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Indiana University Bloomington

Colloquium Series

FALL 2007 Colloquium Series

All talks are on Friday from 4:00 to 6:00 PM in Ballantine Hall 003, unless otherwise noted.

Calendar [click date for details]

Sep 07 Edward (Ted) Davis      Intelligent Design on Trial
Sep 14 Rega Wood     How Islamic Philosophy Shaped Scholastic Physics
Sep 28 Oron Shagrir     Marr's Computational Theories
Oct 05 Michel Janssen     Van Vleck and Slater
Nov 09 Laura Snyder      CANCELLED Bold Leaps
Nov 16 Ofer Gal     The Enlightenment of Vision That Is the Absent Observer of Baroque Science: The Baroque Observer
Dec 03 Gregory Radick      CISAB Seminar Room 402 N. Park Vervetese and its Contexts

Sep 07

Edward (Ted) Davis

Messiah College

Title: Intelligent Design on Trial

Abstract: In the fall of 2005, international attention was drawn to the small rural community of Dover, Pennsylvania, when the Dover school board was sued for its recently implemented policy of reading a statement about "intelligent design" in high school biology classes. The ACLU provided legal assistance when the case came to trial at the federal courthouse in Harrisburg, and several prominent scientists and philosophers of science appeared as expert witnesses on both sides. Much of the testimony involved aspects of the history and philosophy of science. Dr. Davis attended several days of the trial and covered it for a national magazine. Author of several articles about science and religion in modern America, he will provide an overview of the "intelligent design" issue, stressing philosophical and cultural aspects in his analysis. He will explain some of the main ideas associated with intelligent design, discuss the political and educational goals and strategies of the intelligent design movement, and comment briefly on the Kitzmiller v. Dover trial.—This talk was originally prepared for the Forum on Science, Ethics & Policy at the University of Washington; it has also been given at Carnegie Mellon University. Another version was published in Religion in the News (Winter 2006).

Sep 14

Rega Wood

Stanford University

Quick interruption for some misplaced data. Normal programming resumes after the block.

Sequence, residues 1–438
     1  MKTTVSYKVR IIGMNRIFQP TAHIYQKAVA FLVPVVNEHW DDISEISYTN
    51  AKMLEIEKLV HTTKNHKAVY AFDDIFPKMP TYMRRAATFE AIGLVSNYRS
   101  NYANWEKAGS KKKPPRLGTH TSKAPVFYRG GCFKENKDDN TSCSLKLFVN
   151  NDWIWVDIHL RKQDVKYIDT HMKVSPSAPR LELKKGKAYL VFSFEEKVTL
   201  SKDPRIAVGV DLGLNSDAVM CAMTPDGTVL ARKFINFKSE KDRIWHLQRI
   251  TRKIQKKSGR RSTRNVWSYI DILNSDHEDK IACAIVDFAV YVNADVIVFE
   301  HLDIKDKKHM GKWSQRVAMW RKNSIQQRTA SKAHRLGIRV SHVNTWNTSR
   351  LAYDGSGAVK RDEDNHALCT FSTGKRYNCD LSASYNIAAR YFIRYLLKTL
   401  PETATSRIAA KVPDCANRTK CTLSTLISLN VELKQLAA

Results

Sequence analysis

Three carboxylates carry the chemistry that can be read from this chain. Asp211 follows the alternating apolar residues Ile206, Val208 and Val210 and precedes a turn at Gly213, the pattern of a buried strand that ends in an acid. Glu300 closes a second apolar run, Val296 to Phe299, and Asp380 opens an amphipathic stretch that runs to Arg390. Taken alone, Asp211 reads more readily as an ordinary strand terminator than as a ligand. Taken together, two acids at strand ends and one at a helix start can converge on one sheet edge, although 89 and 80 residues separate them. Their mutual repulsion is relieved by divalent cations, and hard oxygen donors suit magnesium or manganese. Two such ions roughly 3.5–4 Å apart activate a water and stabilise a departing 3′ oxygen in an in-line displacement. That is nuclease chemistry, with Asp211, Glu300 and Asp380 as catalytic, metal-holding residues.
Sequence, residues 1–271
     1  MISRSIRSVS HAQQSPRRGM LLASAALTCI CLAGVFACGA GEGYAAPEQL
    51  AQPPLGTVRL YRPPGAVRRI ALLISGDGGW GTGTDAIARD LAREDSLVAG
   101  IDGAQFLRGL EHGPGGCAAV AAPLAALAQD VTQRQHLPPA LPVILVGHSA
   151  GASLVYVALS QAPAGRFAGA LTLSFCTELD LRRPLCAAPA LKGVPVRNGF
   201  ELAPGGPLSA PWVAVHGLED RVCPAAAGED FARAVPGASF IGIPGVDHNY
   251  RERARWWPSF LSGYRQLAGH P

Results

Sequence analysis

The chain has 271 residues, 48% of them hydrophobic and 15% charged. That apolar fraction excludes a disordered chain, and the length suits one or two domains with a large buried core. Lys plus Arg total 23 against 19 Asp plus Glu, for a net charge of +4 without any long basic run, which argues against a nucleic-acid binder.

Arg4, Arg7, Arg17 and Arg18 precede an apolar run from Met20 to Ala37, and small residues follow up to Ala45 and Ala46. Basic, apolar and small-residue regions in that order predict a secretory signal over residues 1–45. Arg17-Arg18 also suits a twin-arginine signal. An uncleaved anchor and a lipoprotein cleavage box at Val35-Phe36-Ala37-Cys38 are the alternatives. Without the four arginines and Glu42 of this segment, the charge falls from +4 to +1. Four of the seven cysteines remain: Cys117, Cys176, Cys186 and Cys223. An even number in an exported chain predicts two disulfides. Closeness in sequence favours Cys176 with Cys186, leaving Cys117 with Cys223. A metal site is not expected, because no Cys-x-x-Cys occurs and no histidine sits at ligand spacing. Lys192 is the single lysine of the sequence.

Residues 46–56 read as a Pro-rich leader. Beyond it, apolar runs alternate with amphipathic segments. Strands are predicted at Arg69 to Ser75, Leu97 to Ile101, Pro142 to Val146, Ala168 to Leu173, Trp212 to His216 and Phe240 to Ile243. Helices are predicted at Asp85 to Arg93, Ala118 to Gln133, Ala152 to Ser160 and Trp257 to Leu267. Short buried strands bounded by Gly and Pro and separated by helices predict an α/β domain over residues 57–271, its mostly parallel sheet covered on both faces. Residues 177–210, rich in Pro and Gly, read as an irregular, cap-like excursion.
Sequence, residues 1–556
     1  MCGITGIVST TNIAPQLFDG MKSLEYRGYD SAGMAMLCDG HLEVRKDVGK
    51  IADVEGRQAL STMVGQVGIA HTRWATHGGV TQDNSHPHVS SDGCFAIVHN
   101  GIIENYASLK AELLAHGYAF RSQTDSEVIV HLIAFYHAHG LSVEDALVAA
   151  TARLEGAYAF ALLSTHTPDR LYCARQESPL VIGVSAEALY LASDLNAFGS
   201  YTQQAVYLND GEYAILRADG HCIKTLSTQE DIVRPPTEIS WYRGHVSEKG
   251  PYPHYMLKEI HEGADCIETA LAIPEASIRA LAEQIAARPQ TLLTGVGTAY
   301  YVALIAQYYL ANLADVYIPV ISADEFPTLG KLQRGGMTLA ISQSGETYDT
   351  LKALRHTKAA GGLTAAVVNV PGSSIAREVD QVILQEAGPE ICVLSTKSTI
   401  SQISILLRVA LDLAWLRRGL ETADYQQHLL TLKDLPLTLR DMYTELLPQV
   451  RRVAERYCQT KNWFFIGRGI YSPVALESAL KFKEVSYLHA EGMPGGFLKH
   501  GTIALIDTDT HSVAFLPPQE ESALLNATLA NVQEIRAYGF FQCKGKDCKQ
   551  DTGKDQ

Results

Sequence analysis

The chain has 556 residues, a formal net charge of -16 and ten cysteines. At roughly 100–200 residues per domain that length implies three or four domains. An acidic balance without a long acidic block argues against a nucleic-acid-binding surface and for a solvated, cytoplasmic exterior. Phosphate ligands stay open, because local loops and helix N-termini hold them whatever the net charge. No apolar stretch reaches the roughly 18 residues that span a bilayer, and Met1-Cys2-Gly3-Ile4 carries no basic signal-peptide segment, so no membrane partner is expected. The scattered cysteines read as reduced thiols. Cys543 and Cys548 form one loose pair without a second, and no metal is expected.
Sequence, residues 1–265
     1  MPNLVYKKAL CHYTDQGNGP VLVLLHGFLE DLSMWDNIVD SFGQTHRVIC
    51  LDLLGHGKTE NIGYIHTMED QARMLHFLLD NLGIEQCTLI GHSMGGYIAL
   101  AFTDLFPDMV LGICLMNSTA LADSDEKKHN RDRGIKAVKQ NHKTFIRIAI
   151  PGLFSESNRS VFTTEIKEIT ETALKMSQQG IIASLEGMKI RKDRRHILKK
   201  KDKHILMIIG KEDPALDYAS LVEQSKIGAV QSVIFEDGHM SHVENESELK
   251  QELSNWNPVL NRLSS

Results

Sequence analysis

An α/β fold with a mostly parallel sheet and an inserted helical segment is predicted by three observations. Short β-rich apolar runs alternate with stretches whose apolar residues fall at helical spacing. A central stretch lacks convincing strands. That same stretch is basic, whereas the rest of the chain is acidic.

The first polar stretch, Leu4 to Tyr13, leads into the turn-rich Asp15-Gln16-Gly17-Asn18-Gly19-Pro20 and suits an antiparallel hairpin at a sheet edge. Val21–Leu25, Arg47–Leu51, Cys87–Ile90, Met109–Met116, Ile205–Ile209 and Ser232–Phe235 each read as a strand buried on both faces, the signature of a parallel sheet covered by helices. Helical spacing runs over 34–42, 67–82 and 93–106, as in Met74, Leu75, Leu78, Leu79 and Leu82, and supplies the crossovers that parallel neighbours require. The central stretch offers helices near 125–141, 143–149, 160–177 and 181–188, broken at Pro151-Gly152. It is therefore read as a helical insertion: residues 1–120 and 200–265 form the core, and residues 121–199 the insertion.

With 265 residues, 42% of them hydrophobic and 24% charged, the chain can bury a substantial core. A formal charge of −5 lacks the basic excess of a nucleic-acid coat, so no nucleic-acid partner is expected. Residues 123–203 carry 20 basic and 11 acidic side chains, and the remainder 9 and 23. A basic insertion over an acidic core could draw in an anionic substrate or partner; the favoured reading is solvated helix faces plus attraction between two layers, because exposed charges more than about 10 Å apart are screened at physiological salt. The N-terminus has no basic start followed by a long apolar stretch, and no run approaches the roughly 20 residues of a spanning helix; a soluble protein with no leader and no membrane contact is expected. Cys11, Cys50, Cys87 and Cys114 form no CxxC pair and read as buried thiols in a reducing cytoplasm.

Title: How Islamic Philosophy Shaped Scholastic Physics

Abstract: The impact of Islam on Western Civilization is often told as a story of translations. The Oxford History of Islam, for example, tells us that "one of the most significant and lasting contributions of the medieval Muslim world to Christendom was to provide access for western scholars to the great classics of Greece." With few exceptions, however, Aristotle was taught from translations based directly on the Greek and not on Arabic intermediaries. Accordingly thinkers hostile to Islam deny the debt. In truth, however, it is greater than popular accounts suggest.

Though scholastics rarely commented on Arabic based translations, without these translations and more importantly without the interpretative tradition that accompanied them, the Western tradition of natural philosophy would have been much poorer; indeed, it might never have arisen. After all, James of Venice's translations had been available since about 1150, but Aristotelian metaphysics and natural philosophy had no strong impact in the West until the Michael Scot translation that accompanied the Arabic commentaries became available around 1225. Moroever, the teaching and commentary tradition that began once Andalusian translations such as Scot's became available focused on problems framed by Muslim authors.

Not Aristotle translations but translations of works of Muslim science and philosophy themselves exercised the most profound influence on the Western tradition. To illustrate their impact, we need consider only two authors, Ibn Sînâ (d. 1037) and Ibn Rušd (d. 1198). Avicenna and Averroes, as they were known to scholastics, influenced scholastic authors from the early thirteenth century to the fourteenth, and often into the fifteenth and sixteenth centuries. Not just early scholastics like Richard Rufus and Albert the Great, but every important scholastic author, including Thomas Aquinas and John Duns Scotus, William Ockham and John Buridan, was indebted to Avicenna and Averroes. Moreover, their influence almost universal. In this talk, however, I limit myself to the Muslin influence in physics and chemistry. Western contributions to natural philosophy as distinctive as impetus theory and as basic as the concept of place were decisively influenced by Muslim thought. Particularly when they disagreed Avicenna and Averroes stimulated a rich Western debate.

Sep 28

Oron Shagrir

The Hebrew University of Jerusalem

Title: Marr's Computational Theories

Abstract: In his Vision (1982), David Marr introduces a computational approach, which is entrenched in detailed theories of visual processes. According to Marr's approach, the goal of a computational level theory is to characterize what function is being computed, and why computing this function is appropriate for the visual task. He argues that the "how" descriptions of mechanisms, including algorithms and their implementation, belong to different levels of analysis. My aim in this talk is to explicate this somewhat unusual conception of computational theory. I will address the distinct role of the why-element in Marr's computational theories, and conclude with comments on the "non-mechanistic" and "semantic" nature of computation.